A binary table (also called transaction database)

This type of data is very common in many fields. For example, it can be used to represent:

  • what some customers have purchased in a store (record = customer, attributes = purchased items)
  • the words appearing in text documents (record = text document, attributes = appearance of a word)
  • the characteristics of animals (record = animal, attributes = characteristics such as has fur?)

What kind of patterns can be found in this data?

The main type of patterns that can be discovered in a binary table are:

  • frequent itemsets: a frequent itemset is a set of values that appear in many records. For example, by using some algorithms such as FPGrowth, we can find that the itemset {a,b} appears three times in the above table, as well as other itemsets such as {d,e}, {e}, {a}, {d} and others. In a real application, someone could for example find that many people buy bread and milk together in a store.
  • association rules: an association rule indicate some strong relationship between some attributes. It is has the form of a rule X –> Y indicating that if some attribute values X are found in a record, they are likely associated with some other values Y. For example, in the above database, it can be found that {a,b}–> {e} is a strong association rules because (1) it is frequent (appears many times in the database), and also it has a high confidence (or conditional probability), that is everytime that {a,b} appears, {e} also appears.
  • rare itemsets: Those are sets of values that do not appear many times in the data but are still strongly correlated.

2. Finding Patterns in a Sequence of Binary Records

Data description: This is a sequence of records, where each record is described using binary attributes. Records are ordered by time or other factors. For example, a binary table where records are ordered is shown below. This table contains four records called T1, T2, T3 and T4, which are described using four five attributes (a,b,c,d,e)

A binary table with records ordered by time

This type of data is common in various fields. For example, it can be used for

  • representing what a customer has purchased in a store over time (record = each transaction made by a customer, attributes = purchased items, ordered by purchase time)
  • the words appearing sentences of a text document (record = word in a sentence, attributes = appearance of a word, ordered by sentences)
  • a sequence of locations visited by a person in a city (record = the position at a given time, attribute = the point of interest or location)
  • a DNA sequence (record = a nucletoride, attribute: the nucleotide type such as ACGT, ordered by appearance) such as COVID-19 sequences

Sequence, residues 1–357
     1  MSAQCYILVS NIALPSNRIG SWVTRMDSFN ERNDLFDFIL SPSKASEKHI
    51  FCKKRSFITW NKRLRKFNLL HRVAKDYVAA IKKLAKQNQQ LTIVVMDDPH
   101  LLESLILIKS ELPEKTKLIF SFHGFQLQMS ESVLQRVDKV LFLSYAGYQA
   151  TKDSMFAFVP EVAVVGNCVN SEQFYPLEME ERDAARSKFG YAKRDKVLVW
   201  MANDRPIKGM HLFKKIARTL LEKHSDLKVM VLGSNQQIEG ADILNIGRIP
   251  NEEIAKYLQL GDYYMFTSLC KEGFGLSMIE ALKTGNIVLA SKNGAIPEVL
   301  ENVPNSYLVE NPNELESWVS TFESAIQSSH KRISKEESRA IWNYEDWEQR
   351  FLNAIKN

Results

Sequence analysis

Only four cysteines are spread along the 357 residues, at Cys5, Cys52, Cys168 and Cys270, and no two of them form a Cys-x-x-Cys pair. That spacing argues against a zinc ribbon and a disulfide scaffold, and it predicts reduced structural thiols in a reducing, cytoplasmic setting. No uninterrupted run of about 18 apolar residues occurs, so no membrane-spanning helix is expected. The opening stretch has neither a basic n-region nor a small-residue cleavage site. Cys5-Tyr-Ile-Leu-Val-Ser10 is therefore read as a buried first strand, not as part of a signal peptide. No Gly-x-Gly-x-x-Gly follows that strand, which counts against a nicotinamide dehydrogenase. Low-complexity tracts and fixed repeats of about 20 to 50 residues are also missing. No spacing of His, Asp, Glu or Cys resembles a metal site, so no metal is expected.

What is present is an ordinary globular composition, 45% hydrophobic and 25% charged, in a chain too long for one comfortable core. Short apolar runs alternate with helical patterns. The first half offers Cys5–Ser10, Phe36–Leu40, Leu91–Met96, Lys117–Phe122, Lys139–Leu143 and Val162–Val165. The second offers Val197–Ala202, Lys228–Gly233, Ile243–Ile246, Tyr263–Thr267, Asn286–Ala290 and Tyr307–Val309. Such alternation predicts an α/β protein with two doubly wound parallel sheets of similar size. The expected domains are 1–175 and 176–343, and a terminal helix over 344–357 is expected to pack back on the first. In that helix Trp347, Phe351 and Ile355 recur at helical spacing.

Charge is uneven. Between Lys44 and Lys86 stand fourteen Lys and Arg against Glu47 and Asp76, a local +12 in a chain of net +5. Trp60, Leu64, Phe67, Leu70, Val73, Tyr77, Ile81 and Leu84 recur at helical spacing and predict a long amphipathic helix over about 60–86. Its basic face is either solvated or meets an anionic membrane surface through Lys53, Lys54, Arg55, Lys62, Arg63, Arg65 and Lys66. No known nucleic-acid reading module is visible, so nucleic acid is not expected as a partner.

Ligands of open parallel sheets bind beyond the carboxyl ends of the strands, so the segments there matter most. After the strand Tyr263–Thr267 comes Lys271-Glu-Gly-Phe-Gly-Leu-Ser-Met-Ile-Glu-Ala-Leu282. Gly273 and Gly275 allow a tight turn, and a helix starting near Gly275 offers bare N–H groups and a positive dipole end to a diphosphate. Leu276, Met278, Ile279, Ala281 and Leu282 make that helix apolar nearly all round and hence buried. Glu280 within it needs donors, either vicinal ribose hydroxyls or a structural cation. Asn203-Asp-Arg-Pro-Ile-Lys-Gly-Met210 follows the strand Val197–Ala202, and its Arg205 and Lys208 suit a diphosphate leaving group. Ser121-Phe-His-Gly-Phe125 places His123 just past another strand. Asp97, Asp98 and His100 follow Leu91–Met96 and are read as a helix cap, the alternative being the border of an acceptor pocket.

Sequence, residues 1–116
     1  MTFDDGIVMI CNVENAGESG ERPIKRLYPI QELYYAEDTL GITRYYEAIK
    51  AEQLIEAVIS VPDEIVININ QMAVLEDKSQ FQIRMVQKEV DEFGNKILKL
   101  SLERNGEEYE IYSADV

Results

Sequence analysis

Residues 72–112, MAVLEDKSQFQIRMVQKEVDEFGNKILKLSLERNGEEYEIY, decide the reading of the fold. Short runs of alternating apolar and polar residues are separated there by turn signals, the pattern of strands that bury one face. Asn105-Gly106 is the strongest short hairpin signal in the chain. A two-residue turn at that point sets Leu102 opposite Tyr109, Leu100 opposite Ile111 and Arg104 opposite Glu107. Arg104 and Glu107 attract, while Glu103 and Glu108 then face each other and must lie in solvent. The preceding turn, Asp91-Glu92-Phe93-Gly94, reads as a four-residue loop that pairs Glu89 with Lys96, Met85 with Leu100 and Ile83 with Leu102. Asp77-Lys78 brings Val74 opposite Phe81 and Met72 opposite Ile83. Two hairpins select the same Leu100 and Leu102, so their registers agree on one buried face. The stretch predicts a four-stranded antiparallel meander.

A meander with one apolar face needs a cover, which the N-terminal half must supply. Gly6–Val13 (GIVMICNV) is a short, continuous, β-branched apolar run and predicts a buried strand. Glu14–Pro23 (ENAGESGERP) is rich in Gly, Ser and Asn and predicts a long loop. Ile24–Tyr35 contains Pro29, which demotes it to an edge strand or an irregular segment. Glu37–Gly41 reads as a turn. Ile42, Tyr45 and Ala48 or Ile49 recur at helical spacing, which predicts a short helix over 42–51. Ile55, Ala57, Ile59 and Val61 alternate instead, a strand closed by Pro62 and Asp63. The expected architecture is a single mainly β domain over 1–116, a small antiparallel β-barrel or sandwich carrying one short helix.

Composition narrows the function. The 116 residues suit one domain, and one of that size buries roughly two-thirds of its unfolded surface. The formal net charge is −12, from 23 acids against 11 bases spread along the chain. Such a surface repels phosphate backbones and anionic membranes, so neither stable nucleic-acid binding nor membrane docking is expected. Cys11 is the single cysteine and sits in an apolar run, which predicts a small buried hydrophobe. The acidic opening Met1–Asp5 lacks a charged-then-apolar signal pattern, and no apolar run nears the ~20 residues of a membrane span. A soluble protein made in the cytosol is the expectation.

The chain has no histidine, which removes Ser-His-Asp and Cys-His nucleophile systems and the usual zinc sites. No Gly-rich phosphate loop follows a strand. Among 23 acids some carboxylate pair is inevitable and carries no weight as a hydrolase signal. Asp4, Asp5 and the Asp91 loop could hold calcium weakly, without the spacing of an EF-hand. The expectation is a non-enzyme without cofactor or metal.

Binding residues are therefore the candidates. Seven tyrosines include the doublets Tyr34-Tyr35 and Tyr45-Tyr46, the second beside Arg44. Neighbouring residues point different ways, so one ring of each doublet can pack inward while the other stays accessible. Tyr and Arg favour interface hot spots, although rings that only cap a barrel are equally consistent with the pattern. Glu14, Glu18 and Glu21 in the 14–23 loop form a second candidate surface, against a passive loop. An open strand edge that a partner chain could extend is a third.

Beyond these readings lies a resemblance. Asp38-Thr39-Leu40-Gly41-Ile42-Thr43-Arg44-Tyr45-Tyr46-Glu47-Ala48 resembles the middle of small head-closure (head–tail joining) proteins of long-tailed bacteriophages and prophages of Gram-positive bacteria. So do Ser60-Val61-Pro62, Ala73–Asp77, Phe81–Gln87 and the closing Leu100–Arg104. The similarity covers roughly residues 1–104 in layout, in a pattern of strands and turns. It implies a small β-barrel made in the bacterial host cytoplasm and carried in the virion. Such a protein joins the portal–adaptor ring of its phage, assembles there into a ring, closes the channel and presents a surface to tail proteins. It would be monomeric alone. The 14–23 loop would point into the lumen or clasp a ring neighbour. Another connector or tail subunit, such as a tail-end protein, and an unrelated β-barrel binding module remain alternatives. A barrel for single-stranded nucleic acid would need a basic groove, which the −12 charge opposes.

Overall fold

The main type of patterns that can be discovered in a sequence of binary records are:

  • frequent episodes: an episode is of values that often appear close to each other. For example, an episode can be <{e}{c}> indicating that e is often followed by c, shortly after. To discover frequent episodes some algorithms are MINEPI, WINEPI, EMMA and TKE.
  • periodic itemsets: a periodic itemset is a set of values that is always re-appearing over time in a sequence of records. For example, in the above example, the itemset {a,c} always re-appear every one or two transactions, and hence can be called “periodic”. This type of patterns can be found by algorithm such as PFPM an others. An example application of finding periodic patterns is to study the behavior of customers in a store. It could be find that someone regularly purchase wine and cheese together.
  • stable patterns: a stable patterns is a periodic patterns that has a stable periodic behavior over time. This means that the time between each occurrence of the pattern is more or less stable. The SPP-Growth algorithm can be used for this task. Here is an intuitive illustration of the concept of stability:
  • recently frequent patterns: The goal is to find patterns that have appeared many times recently rather than in the past. Algorithms such as EstDec can be used for this.
  • trends: Some algorithms are also designed to find increasing or decreasing trends. For example, some set of values may have may have an occurrence frequency that is slowly increasing during some time period. Such patterns can be found using some algorithms such as LTHUI-Miner.
  • peaks: another interesting type of patterns that can be found in a sequence of records is peaks. A peak means that some set of values appears much more often than usual during some time interval. Some algorithm to find peak in a sequence of records is PHUI-Miner. For example, the picture below show that some type of food called “moon cakes” have a sale peak during some specific time period of the year in China, which is the mid-autumn festival.
  • concept drifts: A concept drift is an abrupt of slow changes that happens over time. For example, it could be found in customer data, that the sales of some products as suddenly increased a lot due to the products being advertised on TV. This is illustrated with a picture:

3.Finding Patterns in a Sequence Database

Data description: Another type of data that is very common is a database of sequences of records. This is the same as the above data type except that instead of having a single sequences, we have a database containing multiple sequences. Below is an example, sequence database containing four sequences called s1, s2, s3 and s4. The first sequence indicates that some value a is followed by a value b, which is followed by c, and then by a, then b, then e, and finally f.

A sequence database

This type of data is common in various fields. For example, it can be used for